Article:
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Problems of the

21st July 1933, Page 62
21st July 1933
Page 62
Page 63
Page 62, 21st July 1933 — Problems of the
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The Four Sources of Goodwill and the Extent to Which a Haulage or Coaching Business May Reasonably Claim to Possess Any or All of Them

WHAT is in a name? Quite a good deal, sometimes, especially if it be a business name. Otherwise, why do, say, the big petrol-distributing companies, when they join forces, still continue to advertise independently the various products of the individual organizations? The existing names, those to which the public are accustomed, have a considerable trading value, to discard which would be the equivalent of casting aside valuable assets. Those assets are what is meant by the term "goodwill."

The four principal sources of goodwill were described In the previous article. There is (1) that which is dependent upon locality, (2) that due to the reputation of the firm, (3) goodwill which comes from the personality of the owner and (4) that which depends upon business connections. With the exception of the

third class, all are transferable, to an extent dependent upon the circumstances of each business.

There are wide variations in goods-haulage businesses, in this respect, and considerable differences, again, amongst coach and bus concerns. It cannot be gainsaid that the possibilities of goodwill are not likely to be the same in a goods-haulage concern as those in an urban bus company. Obviously, each business must be considered on its merits, and all that can be done in an article such as this is to generalize, picking out representative types and indicating their capacities for the creation of goodwill, and, what is equally important, the practicability of passing that goodwill on to a purchaser.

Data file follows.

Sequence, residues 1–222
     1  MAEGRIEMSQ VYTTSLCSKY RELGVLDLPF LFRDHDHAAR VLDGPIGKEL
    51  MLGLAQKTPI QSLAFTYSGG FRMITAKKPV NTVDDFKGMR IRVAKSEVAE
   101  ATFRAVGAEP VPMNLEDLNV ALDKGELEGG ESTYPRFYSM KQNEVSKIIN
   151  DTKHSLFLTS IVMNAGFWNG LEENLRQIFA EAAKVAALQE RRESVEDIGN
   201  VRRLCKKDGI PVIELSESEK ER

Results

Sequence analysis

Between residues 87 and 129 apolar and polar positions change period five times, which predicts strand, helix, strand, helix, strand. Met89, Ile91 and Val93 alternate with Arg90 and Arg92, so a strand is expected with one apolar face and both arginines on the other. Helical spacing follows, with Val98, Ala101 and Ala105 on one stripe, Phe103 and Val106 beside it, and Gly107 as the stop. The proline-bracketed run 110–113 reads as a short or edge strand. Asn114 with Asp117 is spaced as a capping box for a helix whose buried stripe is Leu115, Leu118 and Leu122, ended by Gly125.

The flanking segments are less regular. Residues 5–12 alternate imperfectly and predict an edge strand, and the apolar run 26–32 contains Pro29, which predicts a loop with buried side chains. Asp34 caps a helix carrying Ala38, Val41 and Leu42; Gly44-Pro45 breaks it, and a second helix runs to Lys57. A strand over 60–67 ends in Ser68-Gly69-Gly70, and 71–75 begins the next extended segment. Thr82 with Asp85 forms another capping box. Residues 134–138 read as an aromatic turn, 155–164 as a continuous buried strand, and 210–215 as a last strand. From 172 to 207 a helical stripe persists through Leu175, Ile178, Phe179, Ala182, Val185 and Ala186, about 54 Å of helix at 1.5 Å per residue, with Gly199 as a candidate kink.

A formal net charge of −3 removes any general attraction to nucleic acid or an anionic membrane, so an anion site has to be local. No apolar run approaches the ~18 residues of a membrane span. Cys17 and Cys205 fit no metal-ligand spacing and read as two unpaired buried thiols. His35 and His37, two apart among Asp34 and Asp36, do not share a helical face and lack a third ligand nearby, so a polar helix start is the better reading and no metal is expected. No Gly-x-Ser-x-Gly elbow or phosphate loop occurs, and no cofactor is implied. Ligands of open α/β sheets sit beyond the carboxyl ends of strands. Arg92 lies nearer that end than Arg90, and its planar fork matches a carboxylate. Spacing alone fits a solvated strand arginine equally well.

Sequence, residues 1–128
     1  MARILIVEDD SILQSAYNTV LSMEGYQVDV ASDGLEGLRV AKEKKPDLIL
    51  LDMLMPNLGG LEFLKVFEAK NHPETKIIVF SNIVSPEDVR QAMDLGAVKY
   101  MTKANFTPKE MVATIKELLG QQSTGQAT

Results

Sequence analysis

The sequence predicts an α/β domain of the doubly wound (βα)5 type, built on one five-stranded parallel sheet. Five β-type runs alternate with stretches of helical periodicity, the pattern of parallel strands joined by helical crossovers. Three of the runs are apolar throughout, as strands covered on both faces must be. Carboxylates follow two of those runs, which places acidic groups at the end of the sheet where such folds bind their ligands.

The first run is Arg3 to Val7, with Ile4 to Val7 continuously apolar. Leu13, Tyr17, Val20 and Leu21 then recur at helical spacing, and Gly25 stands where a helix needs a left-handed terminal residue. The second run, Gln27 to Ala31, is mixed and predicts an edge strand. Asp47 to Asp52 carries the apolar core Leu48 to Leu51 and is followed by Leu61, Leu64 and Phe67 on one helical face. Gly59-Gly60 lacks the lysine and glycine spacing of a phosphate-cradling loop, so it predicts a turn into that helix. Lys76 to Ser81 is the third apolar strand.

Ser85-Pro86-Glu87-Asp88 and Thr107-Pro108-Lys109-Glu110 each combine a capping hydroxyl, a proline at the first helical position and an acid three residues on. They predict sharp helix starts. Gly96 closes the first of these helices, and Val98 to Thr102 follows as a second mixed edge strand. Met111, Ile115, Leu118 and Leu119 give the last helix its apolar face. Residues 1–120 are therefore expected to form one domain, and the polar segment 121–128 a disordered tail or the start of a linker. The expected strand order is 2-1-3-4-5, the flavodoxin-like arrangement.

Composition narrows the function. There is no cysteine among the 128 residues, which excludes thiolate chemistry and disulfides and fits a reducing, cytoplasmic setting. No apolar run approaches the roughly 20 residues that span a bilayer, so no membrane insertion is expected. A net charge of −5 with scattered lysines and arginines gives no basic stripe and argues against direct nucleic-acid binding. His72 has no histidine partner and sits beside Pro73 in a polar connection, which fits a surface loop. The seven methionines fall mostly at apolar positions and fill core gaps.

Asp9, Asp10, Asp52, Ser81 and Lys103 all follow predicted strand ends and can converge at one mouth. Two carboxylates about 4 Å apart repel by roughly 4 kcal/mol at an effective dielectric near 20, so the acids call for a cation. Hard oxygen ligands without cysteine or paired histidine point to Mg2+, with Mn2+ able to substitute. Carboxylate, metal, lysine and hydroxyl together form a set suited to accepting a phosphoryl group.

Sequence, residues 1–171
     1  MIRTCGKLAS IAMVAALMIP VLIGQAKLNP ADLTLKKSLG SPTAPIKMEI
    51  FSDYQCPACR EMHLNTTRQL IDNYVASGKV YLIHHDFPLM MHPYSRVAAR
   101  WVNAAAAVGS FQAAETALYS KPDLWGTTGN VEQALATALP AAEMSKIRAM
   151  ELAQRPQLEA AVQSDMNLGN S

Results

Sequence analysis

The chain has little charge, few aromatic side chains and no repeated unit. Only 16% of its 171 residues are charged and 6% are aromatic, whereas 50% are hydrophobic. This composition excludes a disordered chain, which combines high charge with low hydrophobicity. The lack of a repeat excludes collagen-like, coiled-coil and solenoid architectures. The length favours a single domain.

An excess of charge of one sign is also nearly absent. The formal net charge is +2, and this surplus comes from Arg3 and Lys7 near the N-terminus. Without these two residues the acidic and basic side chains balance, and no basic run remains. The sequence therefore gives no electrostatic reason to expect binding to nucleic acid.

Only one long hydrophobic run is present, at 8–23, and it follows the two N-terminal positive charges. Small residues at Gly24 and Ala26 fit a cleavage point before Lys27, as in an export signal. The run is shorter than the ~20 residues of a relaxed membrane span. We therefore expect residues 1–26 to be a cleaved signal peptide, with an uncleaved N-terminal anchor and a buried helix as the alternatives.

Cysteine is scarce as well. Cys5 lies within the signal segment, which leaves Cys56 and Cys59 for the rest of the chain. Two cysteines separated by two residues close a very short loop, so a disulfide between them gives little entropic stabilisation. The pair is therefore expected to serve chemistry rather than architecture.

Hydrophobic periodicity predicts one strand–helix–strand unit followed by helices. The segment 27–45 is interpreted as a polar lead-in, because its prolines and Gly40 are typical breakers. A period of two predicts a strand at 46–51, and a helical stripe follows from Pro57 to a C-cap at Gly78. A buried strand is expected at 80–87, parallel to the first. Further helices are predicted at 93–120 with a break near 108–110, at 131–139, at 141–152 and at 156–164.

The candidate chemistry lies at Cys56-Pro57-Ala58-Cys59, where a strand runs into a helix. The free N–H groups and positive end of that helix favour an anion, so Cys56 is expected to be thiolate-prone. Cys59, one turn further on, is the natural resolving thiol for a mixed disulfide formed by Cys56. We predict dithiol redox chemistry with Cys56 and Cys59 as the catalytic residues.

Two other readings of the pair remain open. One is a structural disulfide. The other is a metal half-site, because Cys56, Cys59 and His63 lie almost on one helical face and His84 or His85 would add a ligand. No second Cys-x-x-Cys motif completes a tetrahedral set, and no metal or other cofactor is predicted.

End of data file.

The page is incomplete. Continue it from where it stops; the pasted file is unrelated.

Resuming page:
All that concerns us, it must be borne in mind, is that possibility of passing on to a purchaser of the business some or all of the goodwill, in the form of an asset which he could not otherwise attain for himself in a comparatively short period. The time factor is, Indeed, an important element. The purchaser has to consider how long it would take him, starting de novo, to reach the same position, in respect of goodwill, as the vendor.

No doubt that is the foundation of the custom of assessing goodwill on the basis of the profit earned over an agreed number of years. Logically, it would seem that that number of years should be half the period which would be necessary for the purchaser to establish an equivalent goodwill for himself.

A bus operator should have a certain amount of goodwill of the kind described above under No. 1. The routes that he regularly operates carry goodwill "dependent upon the locality," that being actually represented by the routes. In addition, there is, of course, the licence, provided that the Traffic Commissioners are agreeable to its transference. He has little or no goodwill under the other three headings. A coach owner who confines his operations entirely 0 contiact work can offer, sometimes, a certain amount of goodwill, due to the locality of his premises, and a little due to "business connections" (No. 4). An office or headquarters which is convenient of access will provide goodwill dependent upon locality ; the extent to which the local football and cricket clubs, works' societies, etc., look to him for their transport is a measure of the value of his business connections.